Having learners engage with the narrative arc of the story does not mean always requiring them to accept the story only as given. We encourage users of the website to have their students write or perform parodies of the characters’ adventures, since these activities will require students to learn and recycle the language of the narrative in expressing their own ideas. Furthermore, the format of the ongoing narrative provides plenty of exposure to dialogic and monologic language use that learners can then take as models and adapt to talk about themselves, their backgrounds and interests.

In this edition of Между нами the ongoing narrative is laid out in the format of a graphic novel. The drawings should help students make sense of the story line, and they can also be reused by instructors to have students reassemble facts and events from the narrative in class or on exams. The visuals on the site are important supports that help learners to understand the overall context, plot developments, and the relations between characters.

This website is intended to provide all the materials that would be needed for a comprehensive introductory-level college course for Russian, where there are approximately 150 contact hours of instruction. The text and its approaches to language teaching are grounded in recent findings in research in second language acquisition and incorporate principles of communicative language teaching, task-based teaching and content-based learning.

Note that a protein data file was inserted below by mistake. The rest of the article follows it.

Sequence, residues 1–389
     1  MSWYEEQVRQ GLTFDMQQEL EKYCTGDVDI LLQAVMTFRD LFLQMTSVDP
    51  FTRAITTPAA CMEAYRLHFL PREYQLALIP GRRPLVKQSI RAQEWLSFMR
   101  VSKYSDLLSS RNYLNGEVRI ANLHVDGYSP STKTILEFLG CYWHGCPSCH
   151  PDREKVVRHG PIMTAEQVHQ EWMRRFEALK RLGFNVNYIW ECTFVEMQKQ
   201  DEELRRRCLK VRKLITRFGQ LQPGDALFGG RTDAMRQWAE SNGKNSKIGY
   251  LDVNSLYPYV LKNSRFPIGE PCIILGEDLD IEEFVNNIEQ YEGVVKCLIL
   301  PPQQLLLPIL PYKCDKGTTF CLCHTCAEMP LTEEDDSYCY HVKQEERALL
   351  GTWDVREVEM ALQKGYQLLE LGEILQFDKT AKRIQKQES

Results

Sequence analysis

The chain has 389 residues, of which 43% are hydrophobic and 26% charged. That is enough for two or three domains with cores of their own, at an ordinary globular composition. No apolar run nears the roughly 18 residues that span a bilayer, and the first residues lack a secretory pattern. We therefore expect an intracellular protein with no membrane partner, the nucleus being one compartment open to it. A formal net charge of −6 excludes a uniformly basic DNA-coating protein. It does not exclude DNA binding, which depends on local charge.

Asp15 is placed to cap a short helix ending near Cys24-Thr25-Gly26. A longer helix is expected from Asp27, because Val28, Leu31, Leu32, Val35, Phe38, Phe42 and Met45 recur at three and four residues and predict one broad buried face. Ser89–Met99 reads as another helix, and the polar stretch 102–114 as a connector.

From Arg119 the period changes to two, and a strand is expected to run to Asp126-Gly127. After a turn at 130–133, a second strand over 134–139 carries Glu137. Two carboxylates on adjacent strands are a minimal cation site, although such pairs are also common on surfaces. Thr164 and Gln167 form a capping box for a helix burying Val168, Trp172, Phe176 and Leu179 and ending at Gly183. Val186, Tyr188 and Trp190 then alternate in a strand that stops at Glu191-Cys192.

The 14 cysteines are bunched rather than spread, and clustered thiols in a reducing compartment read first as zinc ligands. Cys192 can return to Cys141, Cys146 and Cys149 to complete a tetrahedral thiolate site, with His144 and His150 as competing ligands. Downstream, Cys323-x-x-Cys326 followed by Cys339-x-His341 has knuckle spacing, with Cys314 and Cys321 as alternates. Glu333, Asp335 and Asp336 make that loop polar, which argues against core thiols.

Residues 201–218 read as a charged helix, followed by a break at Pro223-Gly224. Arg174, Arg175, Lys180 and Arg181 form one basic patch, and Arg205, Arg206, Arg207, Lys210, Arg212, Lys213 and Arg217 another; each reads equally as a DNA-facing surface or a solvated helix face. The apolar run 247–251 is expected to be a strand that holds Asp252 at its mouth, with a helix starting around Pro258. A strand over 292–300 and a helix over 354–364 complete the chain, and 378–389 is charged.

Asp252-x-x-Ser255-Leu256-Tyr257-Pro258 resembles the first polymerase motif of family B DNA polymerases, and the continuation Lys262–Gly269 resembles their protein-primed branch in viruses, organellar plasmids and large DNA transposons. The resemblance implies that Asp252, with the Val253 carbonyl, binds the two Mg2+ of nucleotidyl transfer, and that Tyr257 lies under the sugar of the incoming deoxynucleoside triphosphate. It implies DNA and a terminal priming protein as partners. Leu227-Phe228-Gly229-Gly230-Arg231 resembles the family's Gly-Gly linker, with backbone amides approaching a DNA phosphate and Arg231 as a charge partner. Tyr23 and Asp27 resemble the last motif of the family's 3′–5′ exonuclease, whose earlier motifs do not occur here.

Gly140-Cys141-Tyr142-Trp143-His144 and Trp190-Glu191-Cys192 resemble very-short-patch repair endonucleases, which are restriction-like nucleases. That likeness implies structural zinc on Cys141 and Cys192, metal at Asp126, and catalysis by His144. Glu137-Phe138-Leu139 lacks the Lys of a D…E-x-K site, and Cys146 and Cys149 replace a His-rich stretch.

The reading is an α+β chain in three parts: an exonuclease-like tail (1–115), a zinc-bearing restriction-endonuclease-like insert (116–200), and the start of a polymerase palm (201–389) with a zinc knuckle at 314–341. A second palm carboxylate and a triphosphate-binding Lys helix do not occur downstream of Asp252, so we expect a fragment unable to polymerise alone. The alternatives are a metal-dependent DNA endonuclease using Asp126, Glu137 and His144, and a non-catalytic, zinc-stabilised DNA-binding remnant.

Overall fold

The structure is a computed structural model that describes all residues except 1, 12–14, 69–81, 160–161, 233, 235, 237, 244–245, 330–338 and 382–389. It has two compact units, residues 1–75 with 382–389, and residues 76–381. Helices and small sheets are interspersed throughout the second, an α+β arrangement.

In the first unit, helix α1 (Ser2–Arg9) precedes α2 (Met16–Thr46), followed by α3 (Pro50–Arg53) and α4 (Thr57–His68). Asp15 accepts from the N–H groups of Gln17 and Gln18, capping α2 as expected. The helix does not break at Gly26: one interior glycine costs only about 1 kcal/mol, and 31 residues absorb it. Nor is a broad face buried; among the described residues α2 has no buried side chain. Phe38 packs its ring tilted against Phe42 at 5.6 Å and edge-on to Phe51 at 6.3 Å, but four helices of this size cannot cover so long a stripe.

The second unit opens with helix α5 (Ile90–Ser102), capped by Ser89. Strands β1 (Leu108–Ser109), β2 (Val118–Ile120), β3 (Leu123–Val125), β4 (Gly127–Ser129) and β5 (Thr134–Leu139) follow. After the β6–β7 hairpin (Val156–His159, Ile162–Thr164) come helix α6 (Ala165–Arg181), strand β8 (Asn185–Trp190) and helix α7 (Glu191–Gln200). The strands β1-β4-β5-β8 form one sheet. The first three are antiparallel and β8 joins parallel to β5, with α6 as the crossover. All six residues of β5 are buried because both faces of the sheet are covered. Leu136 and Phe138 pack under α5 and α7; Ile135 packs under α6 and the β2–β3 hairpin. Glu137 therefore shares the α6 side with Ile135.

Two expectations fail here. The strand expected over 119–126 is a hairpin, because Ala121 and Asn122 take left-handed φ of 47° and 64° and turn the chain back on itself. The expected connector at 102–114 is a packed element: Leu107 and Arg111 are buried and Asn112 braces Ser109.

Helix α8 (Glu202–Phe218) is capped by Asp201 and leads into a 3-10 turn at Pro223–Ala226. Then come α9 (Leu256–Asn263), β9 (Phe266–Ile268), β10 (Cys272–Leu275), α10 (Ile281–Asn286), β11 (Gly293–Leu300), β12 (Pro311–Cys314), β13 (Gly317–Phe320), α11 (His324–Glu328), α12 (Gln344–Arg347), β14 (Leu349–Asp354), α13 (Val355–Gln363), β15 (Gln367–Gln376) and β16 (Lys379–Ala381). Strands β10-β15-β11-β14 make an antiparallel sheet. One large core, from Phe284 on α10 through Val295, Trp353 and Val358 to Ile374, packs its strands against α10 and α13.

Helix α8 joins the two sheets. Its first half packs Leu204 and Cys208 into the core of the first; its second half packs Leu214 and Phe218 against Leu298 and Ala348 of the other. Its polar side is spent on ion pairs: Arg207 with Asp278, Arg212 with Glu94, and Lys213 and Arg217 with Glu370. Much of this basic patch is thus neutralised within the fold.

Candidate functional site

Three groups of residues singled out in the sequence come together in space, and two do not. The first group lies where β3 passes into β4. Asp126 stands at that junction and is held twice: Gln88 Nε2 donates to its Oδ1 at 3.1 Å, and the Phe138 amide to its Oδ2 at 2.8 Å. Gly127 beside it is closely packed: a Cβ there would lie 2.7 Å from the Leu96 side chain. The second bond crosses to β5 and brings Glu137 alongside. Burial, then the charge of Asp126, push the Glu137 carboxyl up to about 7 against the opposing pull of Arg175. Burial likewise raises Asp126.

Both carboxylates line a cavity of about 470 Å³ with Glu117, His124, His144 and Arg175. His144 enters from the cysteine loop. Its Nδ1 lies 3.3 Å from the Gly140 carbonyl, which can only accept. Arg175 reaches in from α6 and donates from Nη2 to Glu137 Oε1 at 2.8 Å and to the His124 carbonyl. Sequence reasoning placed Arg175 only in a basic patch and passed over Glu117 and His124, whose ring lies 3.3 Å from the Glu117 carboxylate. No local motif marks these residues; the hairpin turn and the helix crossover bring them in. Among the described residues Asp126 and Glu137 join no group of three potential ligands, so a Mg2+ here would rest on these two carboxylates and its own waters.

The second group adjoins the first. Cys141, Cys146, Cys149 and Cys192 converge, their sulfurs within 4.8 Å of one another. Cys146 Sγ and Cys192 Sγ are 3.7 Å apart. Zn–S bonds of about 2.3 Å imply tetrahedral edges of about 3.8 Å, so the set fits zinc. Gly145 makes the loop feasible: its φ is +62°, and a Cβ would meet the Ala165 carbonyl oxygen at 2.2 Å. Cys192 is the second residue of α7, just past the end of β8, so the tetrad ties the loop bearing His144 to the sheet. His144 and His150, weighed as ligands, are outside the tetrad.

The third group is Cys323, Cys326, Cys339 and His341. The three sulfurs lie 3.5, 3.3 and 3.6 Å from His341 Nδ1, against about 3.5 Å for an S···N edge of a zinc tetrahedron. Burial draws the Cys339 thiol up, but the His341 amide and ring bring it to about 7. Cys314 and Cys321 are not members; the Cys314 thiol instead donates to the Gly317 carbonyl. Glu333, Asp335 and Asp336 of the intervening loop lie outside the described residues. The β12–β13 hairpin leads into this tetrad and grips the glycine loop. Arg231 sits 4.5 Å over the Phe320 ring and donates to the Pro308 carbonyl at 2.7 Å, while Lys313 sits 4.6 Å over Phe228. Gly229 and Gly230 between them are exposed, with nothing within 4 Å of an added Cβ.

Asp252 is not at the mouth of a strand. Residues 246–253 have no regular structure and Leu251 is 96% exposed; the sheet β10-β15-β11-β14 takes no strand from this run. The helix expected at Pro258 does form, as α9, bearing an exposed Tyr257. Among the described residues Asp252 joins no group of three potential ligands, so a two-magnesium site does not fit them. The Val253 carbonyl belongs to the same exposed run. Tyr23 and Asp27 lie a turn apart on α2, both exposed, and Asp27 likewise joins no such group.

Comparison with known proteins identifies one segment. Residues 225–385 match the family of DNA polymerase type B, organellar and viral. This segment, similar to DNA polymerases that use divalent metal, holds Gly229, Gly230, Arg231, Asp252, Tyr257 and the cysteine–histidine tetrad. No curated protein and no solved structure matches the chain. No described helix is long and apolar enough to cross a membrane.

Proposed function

The authors of this website have organized the materials to encourage an inductive approach to learning Russian. We envision that instructors and learners will start with the ongoing story line. Learners listen to the text, read along, check the meaning of words that they don’t know, and listen to the text again, before they turn to the Вы всё поняли? section to verify their understanding of the text and to start working on learning the vocabulary of the text. That vocabulary will figure not only as individual words, but also as words embedded in sentence-level and discourse-level texts. The Вы всё поняли? section prepares the students to do work on the morphology and structures that will be explained in the Немного о языке section. We encourage teachers to spend instructional time on the vocabulary work, since the better students know the words, the more they will be able to attend to their forms when students get to the grammar explanations.